A pH greater than 8.5 may contribute to scale build-up in plumbing materials. pH is one of several parameters used to indicate overall water quality.

Potassium (K)
no numerical guideline
Potassium is naturally occurring, but the most common source of potassium in drinking water are water treatment systems, such as ion exchangers (water softeners) that use potassium chloride. It is an essential element required in small amounts by all living organisms. Adverse health effects from exposure to increased potassium in drinking water are unlikely in healthy people. Potassium may cause health effects in people with certain conditions (for example, people taking certain medications for heart disease, kidney disease, pain, and HIV treatment). If water is softened by potassium ion exchange, you should use a separate, unsoftened supply of water for cooking and drinking.

Silica as SiO2
no numerical guideline
Silica is an abundant compound, present in groundwater through erosion of rocks and minerals. Silica is much more common in groundwater than in surface water. Dissolved silica does not have any known health concerns for humans. However, the presence of high amounts of dissolved silica may interfere with water treatment systems designed to remove dissolved iron and manganese. Extremely high dissolved silica concentrations may produce scale in pipes and restrict water flow within piping systems.

Saturation pH
no numerical guideline
Saturation pH is a theoretical pH at which water is stable and will neither form a scale nor corrode. It is calculated using the temperature, total dissolved solids, and the calcium content and alkalinity of water.

Sodium (Na)
AO of less than or equal to 200 milligrams per litre (mg/L)
All groundwater naturally contains some sodium. It is an essential element required in small amounts by all living organisms. High levels of sodium can give water a salty taste. Sodium in drinking water may cause health concerns for those on sodium-restricted diets. If water is softened by sodium ion exchange, you should use a separate, unsoftened supply of water for cooking and drinking.

Sulphate (SO42-)
AO of less than or equal to 500 milligrams per litre (mg/L)
Sulphate minerals in drinking water can increase corrosion of plumbing and water well materials. Sulphate is found naturally in groundwater through the weathering of rocks. At levels above 1000 mg/L, sulphate in drinking water can have a laxative effect.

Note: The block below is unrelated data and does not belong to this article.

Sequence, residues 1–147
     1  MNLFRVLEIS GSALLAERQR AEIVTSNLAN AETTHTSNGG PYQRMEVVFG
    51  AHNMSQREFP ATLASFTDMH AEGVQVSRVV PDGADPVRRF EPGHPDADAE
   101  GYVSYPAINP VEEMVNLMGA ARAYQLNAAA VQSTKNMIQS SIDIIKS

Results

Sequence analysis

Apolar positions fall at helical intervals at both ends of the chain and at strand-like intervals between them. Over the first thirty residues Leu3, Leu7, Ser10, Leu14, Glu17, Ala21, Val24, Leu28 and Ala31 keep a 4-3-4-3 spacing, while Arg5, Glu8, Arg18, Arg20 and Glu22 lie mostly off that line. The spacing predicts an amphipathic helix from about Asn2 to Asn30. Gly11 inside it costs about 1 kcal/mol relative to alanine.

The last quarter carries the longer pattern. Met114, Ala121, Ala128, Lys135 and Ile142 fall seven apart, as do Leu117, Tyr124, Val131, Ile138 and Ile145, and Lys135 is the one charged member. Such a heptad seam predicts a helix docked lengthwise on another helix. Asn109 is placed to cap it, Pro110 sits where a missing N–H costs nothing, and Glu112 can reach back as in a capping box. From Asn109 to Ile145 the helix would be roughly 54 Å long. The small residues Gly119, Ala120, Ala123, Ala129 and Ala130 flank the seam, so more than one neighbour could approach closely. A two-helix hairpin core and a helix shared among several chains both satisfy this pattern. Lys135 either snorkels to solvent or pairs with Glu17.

Total Dissolved Solids
AO of less than or equal to 500 milligrams per litre (mg/L)
Total dissolved solids (TDS) is the calculated dissolved matter found in water comprised of mineral salts and small amounts of other inorganic and organic substances. It is related to the conductivity of water. TDS is one of several parameters used to indicate overall water quality. If the concentration of total dissolved solids is too high, the water is unsuitable for drinking or cooking.

Turbidity
varies, based on the source and the technology used to treat water
For surface water and groundwater under the direct influence of surface water, turbidity may indicate the presence of disease causing organisms, such as bacteria, viruses, and parasites that can cause nausea, cramps, diarrhea, and associated headaches. In secure groundwater sources, turbidity may be present due to the presence of clay, silt, and inorganic matter from natural sources. It is important to know and understand the source of turbidity.

Zinc (Zn)
AO of less than or equal to 5.0 milligrams per litre (mg/L)
Zinc is naturally occurring, but the most common source of zinc in drinking water is the corrosion of galvanized plumbing and well materials. Zinc is an essential element and is generally considered to be non-toxic at levels normally found in drinking water. Exposure to very high concentrations of zinc may result in nausea and diarrhea.

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Big Iron Drilling Ltd
4450 Eleniak Road NW
Edmonton, AB T6B 2S1
TEL:(780) 433-2555 | TOLL FREE: 1-800-BIG-IRON (24 Hours) | FAX:(780) 431-1091

HOURS

Monday – Friday 8:00am – 5:00pm

Saturday – Closed

Sunday – Closed

Statutory Holidays - Closed